Now, and here’s where it gets important;  I knew I wasn’t capable of “thinking” my way out of my predicament.  My best thinking landed me before a judge (and the aforementioned People of the State of Michigan) and in treatment for addiction.  I looked to older sober men for advice on how to live right, on how to clean up the wreckage that I’d created in my drinking years – and to maintain a decent, productive life so that I didn’t ever have to go down that path again.

And so, Big Daddy Jim’s Self Evident Truth #4:  Sleeping is difficult with a pile of crap on your chest. 

Now that may read humorously, I smiled when I wrote it, but there’s a lot of truth in those eleven words when you really break it down.

Starting at the beginning, when my life was run amok by self-will and pleasure-seeking, I left a lot of very important things go by the wayside.  When I flunked out of college, I had a good excuse so I shrugged it off – an excuse, by the way, that will not see the light of day on this blog, one because I’m over it, and two because to label it would mean to give it legitimacy as an excuse and it has none.  Suffice it to say it was a touch worse than mommy setting me on the toilet sideways.  More importantly, I used the alcohol to medicate the pain away instead of dealing with it.  To put a metaphor to it, my life was a wreck because I tended to shrug off all of the important things that needed to be dealt with right away.  Every time I did that, it was as if someone took a shovel and dumped a fresh load on my chest.  To avoid smelling that through the night, I’d simply drink more so I could pass out peacefully.  The more I drank, the more crap piled up, the more reason there was to drink.

If you think you’re dizzy after reading that last sentence, it’s a lot worse when it’s happening, trust me.  So, here’s where the horse thief comes in, and why a pill won’t fix what ails a drunk:  When I put down the jug, I still had all of that shit, from years of drinking, piled up on my chest – sitting there stinking to high heaven.  To add to the problem, my capability of dealing with messes at that point did not equate to a shovel which I could use to remove the pile that I’d sculpted over the years – I had a teaspoon when I needed a back hoe.  And that’s why I needed help to get my life sorted.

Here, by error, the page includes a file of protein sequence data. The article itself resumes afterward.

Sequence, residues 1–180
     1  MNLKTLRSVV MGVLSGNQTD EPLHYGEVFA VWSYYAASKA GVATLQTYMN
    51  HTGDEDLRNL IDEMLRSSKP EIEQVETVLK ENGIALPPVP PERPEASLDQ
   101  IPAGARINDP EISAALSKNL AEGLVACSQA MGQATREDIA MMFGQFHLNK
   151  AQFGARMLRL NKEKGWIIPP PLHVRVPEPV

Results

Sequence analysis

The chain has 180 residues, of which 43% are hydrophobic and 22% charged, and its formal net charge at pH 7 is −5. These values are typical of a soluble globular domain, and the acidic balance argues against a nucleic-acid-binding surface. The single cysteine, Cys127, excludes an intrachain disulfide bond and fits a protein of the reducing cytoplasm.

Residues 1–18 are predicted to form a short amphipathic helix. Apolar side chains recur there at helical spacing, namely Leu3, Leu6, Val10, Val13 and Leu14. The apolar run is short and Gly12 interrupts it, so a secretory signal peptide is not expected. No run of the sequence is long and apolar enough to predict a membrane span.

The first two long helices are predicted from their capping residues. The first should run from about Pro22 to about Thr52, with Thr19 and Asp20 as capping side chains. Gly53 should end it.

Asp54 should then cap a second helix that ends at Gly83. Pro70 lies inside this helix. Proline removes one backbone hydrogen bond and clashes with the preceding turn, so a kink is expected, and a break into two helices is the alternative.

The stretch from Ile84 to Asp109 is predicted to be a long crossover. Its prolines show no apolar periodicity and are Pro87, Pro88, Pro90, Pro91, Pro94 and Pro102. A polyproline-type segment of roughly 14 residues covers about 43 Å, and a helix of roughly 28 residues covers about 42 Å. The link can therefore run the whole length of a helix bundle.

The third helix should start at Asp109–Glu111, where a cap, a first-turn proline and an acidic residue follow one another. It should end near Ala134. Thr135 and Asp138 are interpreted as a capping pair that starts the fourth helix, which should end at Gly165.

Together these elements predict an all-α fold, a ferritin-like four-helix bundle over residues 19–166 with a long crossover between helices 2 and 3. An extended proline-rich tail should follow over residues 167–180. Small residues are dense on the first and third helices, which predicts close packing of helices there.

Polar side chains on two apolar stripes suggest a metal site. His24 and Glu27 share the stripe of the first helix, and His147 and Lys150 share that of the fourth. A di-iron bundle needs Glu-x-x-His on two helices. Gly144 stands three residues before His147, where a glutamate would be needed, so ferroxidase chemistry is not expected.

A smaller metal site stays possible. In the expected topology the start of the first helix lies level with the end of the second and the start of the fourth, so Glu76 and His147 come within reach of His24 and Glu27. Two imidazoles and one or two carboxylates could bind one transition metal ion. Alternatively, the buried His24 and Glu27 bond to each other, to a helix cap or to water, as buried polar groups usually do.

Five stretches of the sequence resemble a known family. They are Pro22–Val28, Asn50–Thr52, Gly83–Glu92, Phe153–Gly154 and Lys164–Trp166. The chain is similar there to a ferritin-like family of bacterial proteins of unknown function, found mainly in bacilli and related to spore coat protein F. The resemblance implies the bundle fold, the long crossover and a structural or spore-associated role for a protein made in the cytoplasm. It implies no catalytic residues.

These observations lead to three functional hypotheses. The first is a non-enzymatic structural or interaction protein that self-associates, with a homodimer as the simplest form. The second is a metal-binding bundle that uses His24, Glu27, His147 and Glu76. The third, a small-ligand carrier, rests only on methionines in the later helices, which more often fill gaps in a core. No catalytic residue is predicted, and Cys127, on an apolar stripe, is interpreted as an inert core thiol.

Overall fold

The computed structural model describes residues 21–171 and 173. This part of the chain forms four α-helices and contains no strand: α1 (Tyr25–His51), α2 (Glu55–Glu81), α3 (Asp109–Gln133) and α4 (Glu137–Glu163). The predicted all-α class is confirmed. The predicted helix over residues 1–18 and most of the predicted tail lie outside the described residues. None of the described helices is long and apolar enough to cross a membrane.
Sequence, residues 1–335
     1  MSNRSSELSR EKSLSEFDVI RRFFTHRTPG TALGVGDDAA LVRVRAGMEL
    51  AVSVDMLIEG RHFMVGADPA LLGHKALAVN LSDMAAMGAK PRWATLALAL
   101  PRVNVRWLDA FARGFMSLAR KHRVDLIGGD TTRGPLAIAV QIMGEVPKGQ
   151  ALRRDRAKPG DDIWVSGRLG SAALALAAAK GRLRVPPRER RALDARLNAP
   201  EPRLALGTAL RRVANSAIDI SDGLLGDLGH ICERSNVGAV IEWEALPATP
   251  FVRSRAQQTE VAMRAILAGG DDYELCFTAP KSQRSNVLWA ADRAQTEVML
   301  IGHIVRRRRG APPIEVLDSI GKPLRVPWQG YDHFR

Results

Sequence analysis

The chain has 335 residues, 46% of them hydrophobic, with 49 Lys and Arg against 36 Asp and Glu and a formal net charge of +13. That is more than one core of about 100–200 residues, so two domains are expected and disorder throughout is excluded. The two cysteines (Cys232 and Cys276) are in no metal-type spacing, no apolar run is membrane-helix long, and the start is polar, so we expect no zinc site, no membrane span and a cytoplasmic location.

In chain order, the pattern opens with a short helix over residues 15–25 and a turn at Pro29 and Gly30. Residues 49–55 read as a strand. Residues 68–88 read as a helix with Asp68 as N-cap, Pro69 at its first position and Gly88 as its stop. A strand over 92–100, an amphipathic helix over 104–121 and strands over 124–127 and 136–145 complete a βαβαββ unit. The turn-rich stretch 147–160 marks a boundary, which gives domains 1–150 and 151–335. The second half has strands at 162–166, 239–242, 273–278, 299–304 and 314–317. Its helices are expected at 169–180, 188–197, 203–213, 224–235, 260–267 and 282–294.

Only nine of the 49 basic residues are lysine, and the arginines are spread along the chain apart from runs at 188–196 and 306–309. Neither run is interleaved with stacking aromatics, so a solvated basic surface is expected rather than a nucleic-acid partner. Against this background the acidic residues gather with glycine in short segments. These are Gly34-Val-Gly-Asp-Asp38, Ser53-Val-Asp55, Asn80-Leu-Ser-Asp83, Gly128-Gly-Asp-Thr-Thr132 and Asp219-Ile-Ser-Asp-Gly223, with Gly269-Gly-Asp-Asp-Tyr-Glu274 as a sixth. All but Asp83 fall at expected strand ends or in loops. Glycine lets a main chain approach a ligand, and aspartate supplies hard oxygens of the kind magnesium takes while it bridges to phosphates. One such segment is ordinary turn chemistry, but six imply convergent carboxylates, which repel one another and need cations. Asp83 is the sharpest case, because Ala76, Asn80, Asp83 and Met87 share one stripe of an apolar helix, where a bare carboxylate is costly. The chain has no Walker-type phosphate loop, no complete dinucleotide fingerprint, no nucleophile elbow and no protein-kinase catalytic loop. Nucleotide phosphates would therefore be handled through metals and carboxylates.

Sadly, it doesn’t end there though, and this is where the normal folks can start to relate…

Once I cleared that mountain from my chest I did sleep well.  I slept well for years.  Fortunately (or unfortunately in some cases), life isn’t stationary.  It moves and changes, ebbs and flows.  Once I had the pile removed and I could function like a young adult I began to grow.  I started with a decent factory job and that grew into a job in the inspection department at another plant which grew into a marriage, which grew into a construction job, which grew into a management position, which grew into the management of a branch division, then kids and so on…  With each of those changes came new responsibilities and new problems (or piles).  I had a tendency, especially back then, but still even now, to not know how to shovel all of that stuff off of my chest before I turn in for the night.  Over time a spoonful here and a spoonful there starts to amount to something – and unlike real shit, life shit doesn’t dry up and stop stinking.  Life shit stinks until you deal with it.  That said, I still need advice and perspective on how to deal with life’s new challenges because I don’t know every damned thing.  As I grow into bigger and better things, new things must be dealt with and sometimes I just don’t have the answers…  Well, when I don’t have the answers I tend to do that which I know – leave some of the mess on my chest.  The more there is, the harder it is to sleep.

The short version is, “I have to clean up my shit”.